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Wake up, State Lawmakers!

The capture of the state legislatures by state governors has crippled the principle of separation of powers in the country’s democracy, bred authoritarian leadership at…

The capture of the state legislatures by state governors has crippled the principle of separation of powers in the country’s democracy, bred authoritarian leadership at the sub-national level, and obliterated accountability by the executive arm of government in our states. From being teleguided and held by the nose to impeach deputy governors, remove principal officers from among their ranks, and approve annual budgets without due diligence and scrutiny, it is very evident that the legislators in most of the 36 state Houses of Assembly are not just rubber-stamps but a big disappointment to the people who elected them to the lawmaking chambers across the country.

The 1999 Constitution of the Federal Republic of Nigeria (as amended) does not envisage this kind of cold and subservient legislature in the states. Sections 120 to 128 of the Constitution stipulate the functions of a State House of Assembly, which include the powers to supervise other arms of government (executive and judicial) in order to curtail corruption and inefficiency in state administration and promote transparency and accountability.

The legislature has the power to remove a governor by passing a vote of no confidence or by rejecting a policy, budget, or law of the executive. The powers are very clear about the primacy of the House of Assembly in approving all public expenditures from consolidated revenues that accrue to the treasury of the state government. It follows, therefore, that no state government must spend funds unless the expenditure is approved by the legislature.

The powers of the House of Assembly are quite enormous, as it could summon anyone in Nigeria to appear before it to answer questions if it is carrying out an investigation into any form of wrongdoing. Section 129 states clearly that: “(1) For the purposes of any investigation under section 128 of this Constitution, and subject to the provisions thereof, a House of Assembly or a committee appointed in accordance with section 103 of this Constitution shall have power to …(c) summon any person in Nigeria to give evidence at any place or produce any document or other thing in his possession or under his control, and examine him as a witness and require him to produce any document or other thing in his possession or under his control, subject to all just exceptions; and (d) issue a warrant to compel the attendance of any person who, after having been summoned to attend, fails, refuses or neglects to do so and does not excuse such failure, refusal or neglect to the satisfaction of the House of Assembly…”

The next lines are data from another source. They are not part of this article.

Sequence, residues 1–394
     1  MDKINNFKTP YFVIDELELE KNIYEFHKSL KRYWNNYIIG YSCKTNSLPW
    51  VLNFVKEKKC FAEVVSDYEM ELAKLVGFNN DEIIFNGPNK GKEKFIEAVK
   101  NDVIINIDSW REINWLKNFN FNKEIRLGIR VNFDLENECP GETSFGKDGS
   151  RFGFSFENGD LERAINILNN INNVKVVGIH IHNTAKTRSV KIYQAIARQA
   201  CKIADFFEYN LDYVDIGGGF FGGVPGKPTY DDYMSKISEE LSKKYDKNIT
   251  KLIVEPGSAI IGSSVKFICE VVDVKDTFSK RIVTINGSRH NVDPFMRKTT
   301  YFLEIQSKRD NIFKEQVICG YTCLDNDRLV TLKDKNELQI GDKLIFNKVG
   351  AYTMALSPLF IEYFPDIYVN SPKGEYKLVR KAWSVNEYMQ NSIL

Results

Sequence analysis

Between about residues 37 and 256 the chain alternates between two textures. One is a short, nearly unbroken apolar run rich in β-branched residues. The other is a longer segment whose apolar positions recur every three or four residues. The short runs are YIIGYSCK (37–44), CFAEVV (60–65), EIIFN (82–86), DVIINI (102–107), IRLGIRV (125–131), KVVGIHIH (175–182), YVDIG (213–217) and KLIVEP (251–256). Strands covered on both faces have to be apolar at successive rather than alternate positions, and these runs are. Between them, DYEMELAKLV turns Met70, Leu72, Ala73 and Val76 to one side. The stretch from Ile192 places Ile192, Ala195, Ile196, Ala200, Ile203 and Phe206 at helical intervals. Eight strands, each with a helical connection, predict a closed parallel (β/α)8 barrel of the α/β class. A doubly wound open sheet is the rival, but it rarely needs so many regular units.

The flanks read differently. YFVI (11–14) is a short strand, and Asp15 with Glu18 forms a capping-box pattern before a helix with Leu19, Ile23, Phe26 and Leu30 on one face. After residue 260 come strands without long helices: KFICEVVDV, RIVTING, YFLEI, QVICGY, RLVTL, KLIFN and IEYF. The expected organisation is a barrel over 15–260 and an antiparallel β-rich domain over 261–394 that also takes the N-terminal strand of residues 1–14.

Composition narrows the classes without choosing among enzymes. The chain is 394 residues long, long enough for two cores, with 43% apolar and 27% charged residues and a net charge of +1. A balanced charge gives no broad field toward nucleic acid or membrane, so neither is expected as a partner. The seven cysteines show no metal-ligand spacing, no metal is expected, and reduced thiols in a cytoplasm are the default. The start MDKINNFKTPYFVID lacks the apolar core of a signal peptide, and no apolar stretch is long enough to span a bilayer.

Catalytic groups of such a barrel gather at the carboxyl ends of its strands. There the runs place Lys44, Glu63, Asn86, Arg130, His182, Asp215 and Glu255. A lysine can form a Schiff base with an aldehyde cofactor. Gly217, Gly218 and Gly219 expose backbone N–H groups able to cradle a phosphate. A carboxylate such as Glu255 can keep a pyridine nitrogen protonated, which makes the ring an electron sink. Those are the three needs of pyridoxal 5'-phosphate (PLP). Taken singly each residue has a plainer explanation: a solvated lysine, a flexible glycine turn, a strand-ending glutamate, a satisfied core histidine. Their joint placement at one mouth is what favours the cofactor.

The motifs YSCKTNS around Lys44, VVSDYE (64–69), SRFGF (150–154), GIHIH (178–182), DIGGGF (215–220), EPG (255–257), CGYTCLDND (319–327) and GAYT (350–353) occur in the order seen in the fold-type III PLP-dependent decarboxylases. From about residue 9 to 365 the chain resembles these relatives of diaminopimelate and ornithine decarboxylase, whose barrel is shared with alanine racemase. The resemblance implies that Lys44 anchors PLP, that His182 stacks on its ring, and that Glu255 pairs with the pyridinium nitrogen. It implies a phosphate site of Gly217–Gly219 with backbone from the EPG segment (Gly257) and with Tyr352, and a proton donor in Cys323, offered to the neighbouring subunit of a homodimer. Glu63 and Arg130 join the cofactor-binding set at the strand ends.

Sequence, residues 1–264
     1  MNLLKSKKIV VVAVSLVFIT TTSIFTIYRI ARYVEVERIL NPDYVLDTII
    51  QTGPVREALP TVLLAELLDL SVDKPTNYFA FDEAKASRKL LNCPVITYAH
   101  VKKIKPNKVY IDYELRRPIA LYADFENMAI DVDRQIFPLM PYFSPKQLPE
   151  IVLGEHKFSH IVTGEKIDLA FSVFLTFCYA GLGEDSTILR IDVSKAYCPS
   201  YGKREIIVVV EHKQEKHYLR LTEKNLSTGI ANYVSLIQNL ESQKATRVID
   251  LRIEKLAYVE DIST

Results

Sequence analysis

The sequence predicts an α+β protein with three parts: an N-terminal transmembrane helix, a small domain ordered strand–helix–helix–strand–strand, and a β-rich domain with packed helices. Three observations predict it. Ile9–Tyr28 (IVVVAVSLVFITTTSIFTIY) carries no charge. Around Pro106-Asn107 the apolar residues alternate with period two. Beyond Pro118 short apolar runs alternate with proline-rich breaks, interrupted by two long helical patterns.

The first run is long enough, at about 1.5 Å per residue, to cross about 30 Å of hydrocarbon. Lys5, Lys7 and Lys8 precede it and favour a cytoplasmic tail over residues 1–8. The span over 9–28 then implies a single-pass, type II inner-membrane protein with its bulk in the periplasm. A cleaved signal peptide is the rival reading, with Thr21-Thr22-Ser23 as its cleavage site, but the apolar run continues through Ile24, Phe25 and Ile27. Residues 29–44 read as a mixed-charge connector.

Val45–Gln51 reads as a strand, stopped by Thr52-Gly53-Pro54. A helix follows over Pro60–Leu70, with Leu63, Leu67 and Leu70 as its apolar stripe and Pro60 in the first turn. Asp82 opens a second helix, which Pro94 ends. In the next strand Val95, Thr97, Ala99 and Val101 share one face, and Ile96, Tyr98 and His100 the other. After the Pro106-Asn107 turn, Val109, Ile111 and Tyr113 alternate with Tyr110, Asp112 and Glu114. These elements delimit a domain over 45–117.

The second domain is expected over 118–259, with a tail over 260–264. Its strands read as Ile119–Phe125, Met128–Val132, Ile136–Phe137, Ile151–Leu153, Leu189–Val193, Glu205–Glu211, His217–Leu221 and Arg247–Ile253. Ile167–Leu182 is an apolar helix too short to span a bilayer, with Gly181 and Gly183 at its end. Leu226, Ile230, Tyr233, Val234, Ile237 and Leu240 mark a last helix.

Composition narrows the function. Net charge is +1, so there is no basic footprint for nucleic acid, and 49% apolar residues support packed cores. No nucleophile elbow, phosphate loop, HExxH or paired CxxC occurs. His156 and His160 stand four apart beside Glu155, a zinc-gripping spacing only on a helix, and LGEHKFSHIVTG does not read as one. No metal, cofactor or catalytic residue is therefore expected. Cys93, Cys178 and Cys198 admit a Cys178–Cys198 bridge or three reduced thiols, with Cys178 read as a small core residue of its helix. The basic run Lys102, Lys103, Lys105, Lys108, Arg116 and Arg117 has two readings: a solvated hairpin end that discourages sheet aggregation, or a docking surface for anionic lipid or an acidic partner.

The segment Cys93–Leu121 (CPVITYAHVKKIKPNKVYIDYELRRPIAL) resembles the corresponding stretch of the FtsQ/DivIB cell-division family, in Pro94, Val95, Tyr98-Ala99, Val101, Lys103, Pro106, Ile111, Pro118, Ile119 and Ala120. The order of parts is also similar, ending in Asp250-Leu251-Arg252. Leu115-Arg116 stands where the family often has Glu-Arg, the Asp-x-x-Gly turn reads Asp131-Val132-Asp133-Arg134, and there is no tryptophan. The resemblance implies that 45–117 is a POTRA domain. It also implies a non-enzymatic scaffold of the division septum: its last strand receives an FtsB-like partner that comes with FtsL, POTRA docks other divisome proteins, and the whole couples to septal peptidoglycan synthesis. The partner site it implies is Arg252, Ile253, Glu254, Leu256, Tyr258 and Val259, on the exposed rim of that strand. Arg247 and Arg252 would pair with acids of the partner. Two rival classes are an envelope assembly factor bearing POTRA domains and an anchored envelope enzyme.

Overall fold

The state Houses of Assembly must wake up to their responsibilities in this dispensation of huge allocations to state governments by the Federation Account Allocation Committee (FAAC). With about one trillion Naira being shared among states in Abuja in the last four months, each state gets on average about N25 billion per month, more than five times the amount they received three years ago. In spite of this, the people at the sub-national level are not feeling the impact of the huge allocations in increased salaries and allowances to civil servants, payment of outstanding salaries, or even distribution of the palliatives provided by the federal government to cushion the effects of the increase in the pump prices of Premium Motor Spirit (PMS).

No state House of Assembly has raised this failure in their chambers as a matter of urgent attention for debate and for summoning state governors or even commissioners of finance to explain the insensitivity of government to the plight of the people.

Rather, the legislators become active when prompted by governors to impeach deputy governors or the principal officers of the Assemblies. At another level, the lawmakers are subservient to former governors and are willing to impeach sitting governors to please ex-governors, or even jump ship from one political party to another, as if they do not have a mind of their own.  In this way, they sell their independence for a pot of porridge, in order to be in the good books of state governors.

At this juncture in Nigeria’s democracy, the legislature at the state level must reclaim their independence to deal with corruption, waste, human rights abuses, and general maladministration in states and local governments. The first step in this direction is for the National Assembly to amend the constitution to guarantee financial autonomy to the Houses of Assembly in states. There will be no development in Nigeria as long as the Executive comprehensively captures the Legislature and the Judiciary.

At the moment, the judiciary has a measure of financial independence. The Legislature must fight for its freedom by coming together to ensure financial autonomy for them, which is factored into the 1999 Constitution. This will set them free from shackles fastened around their legs, hands, and necks by state governors.

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